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Driving any vehicle at night comes with some increased risks. The lack of color makes it more difficult to differentiate obstacles such as a curb or a pothole from the road. A reduction in your depth perception coupled with the short distance you can see ahead of you makes it even harder to avoid hazards. Some drivers, especially older ones, may have a reduced light sensitivity in their eyes.

Driving a big RV at night – especially on long-distance trips only increases those dangers. But night trips have their benefits, too. Fewer vehicles on the road make for less stressful driving and a quicker journey. Sometimes night-time driving just can’t be avoided. In this article, we’ll list some tips and tricks for arriving safely at your destination when driving at night.

Nighttime Driving Tips

  • Keep things clean. You’d be amazed at how much a dirty windshield or dirty headlights reduces visibility. Keep your lights, mirrors, and windows very clean. Hazy plastic headlight covers greatly reduce light output and should be polished or replaced.
  • Slow down. Safety on the road can be measured in stopping distance. The closer a hazard has to be for you to see it, the less time you have to stop. If you slow down from 65 mph to 60 mph, you decrease your stopping distance by over 50 feet.
  • Aim your headlights. Headlights are adjustable so that they hit the road in the proper place. Check out this tutorial to aim your own headlights for optimum visibility. Trucks that are loaded down in the back (especially with the weight a big trailer) will ride at a different angle than an unloaded truck, so the headlights may be aimed too high. Check your aim with the trailer hitched up and your fuel tank full.
  • Drive with your high beams on to see further, but only when there is no oncoming traffic.
  • Use your fog lights. If your tow vehicle or RV is equipped with fog lights, use them. They are low and wide, lighting a large swath of the road even when it isn’t foggy.
  • Dim your instrument panel. The reason your instrument panel has a dimmer is so that you can adjust the lights down at night. If the dash is too bright, your retinas will have to adjust as they move back and forth from the display to the road. Especially make sure GPS screens are in night-mode.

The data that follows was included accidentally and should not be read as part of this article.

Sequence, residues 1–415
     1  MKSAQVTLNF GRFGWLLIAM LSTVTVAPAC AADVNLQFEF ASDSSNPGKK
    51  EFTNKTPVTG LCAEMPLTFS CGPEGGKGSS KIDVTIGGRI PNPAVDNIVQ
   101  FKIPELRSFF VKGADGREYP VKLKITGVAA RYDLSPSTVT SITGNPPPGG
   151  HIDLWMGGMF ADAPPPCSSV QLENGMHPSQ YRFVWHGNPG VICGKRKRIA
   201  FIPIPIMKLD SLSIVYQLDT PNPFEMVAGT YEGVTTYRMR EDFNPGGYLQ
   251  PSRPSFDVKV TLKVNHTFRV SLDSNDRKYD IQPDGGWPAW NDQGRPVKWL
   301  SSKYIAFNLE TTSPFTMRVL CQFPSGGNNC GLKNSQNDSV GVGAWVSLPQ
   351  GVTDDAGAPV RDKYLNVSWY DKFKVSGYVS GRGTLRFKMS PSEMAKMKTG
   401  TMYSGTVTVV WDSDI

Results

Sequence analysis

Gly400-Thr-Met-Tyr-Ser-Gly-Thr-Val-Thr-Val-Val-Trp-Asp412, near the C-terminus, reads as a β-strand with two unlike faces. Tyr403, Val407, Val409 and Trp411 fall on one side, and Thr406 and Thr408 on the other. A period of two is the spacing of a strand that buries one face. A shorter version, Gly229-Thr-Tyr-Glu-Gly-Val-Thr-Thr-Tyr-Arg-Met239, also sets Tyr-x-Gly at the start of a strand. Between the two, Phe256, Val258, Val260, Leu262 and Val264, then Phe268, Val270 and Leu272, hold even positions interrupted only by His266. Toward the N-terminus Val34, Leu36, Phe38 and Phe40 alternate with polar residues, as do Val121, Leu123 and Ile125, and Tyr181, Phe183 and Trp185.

• Stay awake. Even if you aren’t driving in the hours when you are normally sleeping, driving at night can make you very tired. There isn’t much interesting to look at in the dark, and the white lane lines can lull you to sleep. To stay alert, do not use cruise control, as it can make you too comfortable. Tilt your seat more upright than normal, and move a little forward, so that your left leg is bent in action on the gas pedal, instead of relaxed and straight. Keep the temperature cooler than normal, with plenty of air circulation. Talk to your co-pilot or sing along with the radio. Stop frequently to stretch your legs and have a snack for energy. If you feel like dozing off, STOP immediately and get some rest.
  • Watch for deer and other animals. If you see an animal on the road, don’t swerve to avoid it. You may inadvertently hit another car, a guardrail, or run off the road. Instead, brake to a controlled stop.

Arriving at the campground at night

Pulling into a campground at night brings its own set of challenges. These tips will help you get into your space quickly in the dark without breaking anything.

  • Make sure the park will be open. Many parks close the gates or do not take arrivals after a certain time, some as early as 8 pm. Make sure to check with the park, and have their phone number handy in case you will be arriving later than expected. Allow plenty of extra time for construction, traffic, GPS errors, etc.
  • Book a pull-thru. Try to find a campground that has pull-thru sites on days you will arrive late. No backing up gets you in and out in a breeze, especially if you are just there for a night.
  • Check out the space before backing in. The driver should get out of the RV and walk around the site noting obstacles that they may not be able to see backing up. Make sure to look up for branches, and look across the road for obstacles the front end might hit.
  • Have multiple high-powered flashlights with fresh batteries. Often you’ll need the assistance of a flashlight to find your site number, so have it with you up front. When backing into a campsite, your co-pilot’s main job is to light up any obstacles that you might hit, and yell stop (or better yet signal “stop” with the flashlight) when you are about to hit something. If you don’t have a co-pilot, see if someone at the campground can help if there are people out and about. If there is no help available, set up flashlights on the ground to illuminate obstacles before backing.
  • Avoid angering your new neighbors. Don’t set up your campsite after quiet hours. Do the minimum needed to get hooked up and off to bed. If you don’t plan on using the water or sewer connection that night, it can wait until the morning, too.
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